Tuesday night’s debate at American International College among School Committeewoman Antonette Pepe, Mayor Domenic Sarno and City Council President Jose Tosado would be the last time that three mayoral candidates would appear on the same stage together. On Tuesday, the voters of Springfield, or at least the ones that show up, will select two candidates that will advance to the general election in November.
Because all of the candidates, but especially the challengers, knew that they may not be up on that stage again, all took the steps necessary to try to make their final case to the voters. Both Tosado and Pepe, as challengers, hammered the mayor for perceived failures. Tosado stuck to charges that the mayor left the council out and failed on issues of policing. Pepe spoke heavily to school issues, but also more pointedly attacked the insider culture at City Hall. Sarno, meanwhile, parried the attacks (mostly) calmly and by highlighting some city accomplishments.
The debate itself consisted of questions from reporters and the candidates themselves and was moderated by Walter Kroll, the President of the McKnightr Neighborhood Council, which sponsored the event.
In his opening statement, Tosado, making light of the fact that the candidates had earlier debated at AIC, reminded voters, “I’m still Jose Tosado. He noted his personal history in the city and his work as a regional administrator with the Massachusetts Department of Mental Health. Throughout the debate it was patently clear that Tosado had a real grasp of the issues. Although, the council president did struggle to fully answer questions and frequently ran up against the time limits for answers. As a member of the council, he could claim directly that Sarno shuts out the council or avoids giving them information.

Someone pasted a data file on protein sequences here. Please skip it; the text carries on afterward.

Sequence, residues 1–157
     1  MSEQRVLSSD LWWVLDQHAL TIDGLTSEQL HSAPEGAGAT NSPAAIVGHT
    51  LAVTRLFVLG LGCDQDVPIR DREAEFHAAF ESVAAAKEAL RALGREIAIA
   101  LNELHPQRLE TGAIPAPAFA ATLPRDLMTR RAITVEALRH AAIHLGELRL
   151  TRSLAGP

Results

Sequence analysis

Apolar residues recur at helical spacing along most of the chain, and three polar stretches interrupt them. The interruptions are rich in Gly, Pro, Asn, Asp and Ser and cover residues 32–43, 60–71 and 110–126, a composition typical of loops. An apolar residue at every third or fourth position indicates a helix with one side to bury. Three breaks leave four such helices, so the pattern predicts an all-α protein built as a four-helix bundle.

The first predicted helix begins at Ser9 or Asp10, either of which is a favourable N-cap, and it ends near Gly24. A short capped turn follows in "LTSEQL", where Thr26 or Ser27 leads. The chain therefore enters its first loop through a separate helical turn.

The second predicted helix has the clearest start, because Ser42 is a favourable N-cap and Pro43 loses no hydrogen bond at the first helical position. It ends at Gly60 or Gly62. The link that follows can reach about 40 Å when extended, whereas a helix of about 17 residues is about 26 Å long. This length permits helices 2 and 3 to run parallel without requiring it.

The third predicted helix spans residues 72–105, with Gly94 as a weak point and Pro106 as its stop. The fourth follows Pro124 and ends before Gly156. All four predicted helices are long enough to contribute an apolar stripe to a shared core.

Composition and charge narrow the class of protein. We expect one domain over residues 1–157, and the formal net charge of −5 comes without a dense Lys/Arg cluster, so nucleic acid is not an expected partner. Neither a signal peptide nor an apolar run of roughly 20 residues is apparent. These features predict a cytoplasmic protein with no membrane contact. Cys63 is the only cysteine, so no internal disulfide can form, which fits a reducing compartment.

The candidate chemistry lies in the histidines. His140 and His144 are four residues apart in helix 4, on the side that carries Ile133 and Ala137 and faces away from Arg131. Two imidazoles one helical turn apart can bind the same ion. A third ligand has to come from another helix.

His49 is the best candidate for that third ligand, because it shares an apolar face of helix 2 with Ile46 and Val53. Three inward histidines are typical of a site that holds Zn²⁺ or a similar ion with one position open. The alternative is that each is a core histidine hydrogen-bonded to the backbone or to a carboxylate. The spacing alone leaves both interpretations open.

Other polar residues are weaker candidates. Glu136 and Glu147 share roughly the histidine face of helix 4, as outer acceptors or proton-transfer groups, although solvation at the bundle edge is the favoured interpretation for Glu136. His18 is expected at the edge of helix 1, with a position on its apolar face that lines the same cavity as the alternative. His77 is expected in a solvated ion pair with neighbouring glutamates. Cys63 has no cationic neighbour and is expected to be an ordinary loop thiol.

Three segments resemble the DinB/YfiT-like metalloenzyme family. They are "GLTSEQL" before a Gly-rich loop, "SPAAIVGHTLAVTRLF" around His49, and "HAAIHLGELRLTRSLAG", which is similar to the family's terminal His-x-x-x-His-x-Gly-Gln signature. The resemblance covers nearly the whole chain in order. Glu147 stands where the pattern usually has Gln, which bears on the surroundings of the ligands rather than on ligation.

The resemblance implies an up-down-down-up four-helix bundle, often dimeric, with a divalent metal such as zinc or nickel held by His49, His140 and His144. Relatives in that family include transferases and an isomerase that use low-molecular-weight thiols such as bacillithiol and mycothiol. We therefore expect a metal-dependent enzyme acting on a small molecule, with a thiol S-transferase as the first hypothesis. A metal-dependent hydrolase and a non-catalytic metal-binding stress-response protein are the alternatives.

Pepe by comparison was undaunted by attacks that her experience was limited and her temperment too mercurial. Playing off her opening about getting into politics after working in the schools and raising a family, she fended off charges that she had never managed a budget. She implied that as President of the Paraprofessionals Union (and with her husband as head of a family) she knew enough to tackle the city’s finances. More importantly, however, she brushed off the charge that she could not work with others and collaborate for the sake the city. Specifically, she cited some of the successes on the School Committee, like school uniforms, but also work with her fellow challenger, Jose Tosado on the joint Council/School Committee subcommittee.
Sarno remained cautious only lashing out at his opponents sparingly, though when he did it was among his weaker moments. The mayor name dropped the tornado frequently, knowing full well that his performance within popular perception, if not univerally so, has been widely applauded. Still, he also tried to disarm his opponents by chastising negativity. However, if voters dig at all deeper (or listen to Tosado or Pepe) they would find the mayor’s claim of a good relationship with the council is, at best, embellishment.
On substance and policy much of the debate appeared to center on crime, education and the general administration of the city. As important as economic development is, and all the candidates acknowledged it, it took a back seat to the other issues. Lip service was paid to lower the commercial property taxes, but little substance was offered to initiate a lower rate. Both Sarno and Tosado took credit for lowering the city’s property tax levy last year, an event that though historic (it had not happened since 1983) was brought on by a falling levy ceiling with an assist from reserves more than fiscal restraint. Ultimately, improved economy was seen possible only through a reduction in crime.
Pepe did criticize some economic developments like the Asylum building demolition, the School Department relocation and the sale of the old HQ. Sarno dismissed concerns about the school department’s old building noting that the alternative bid called for far more public subsidies. Tosado shot down Sarno’s boasts about progress on some projects like Union Station, which have been in development for decades.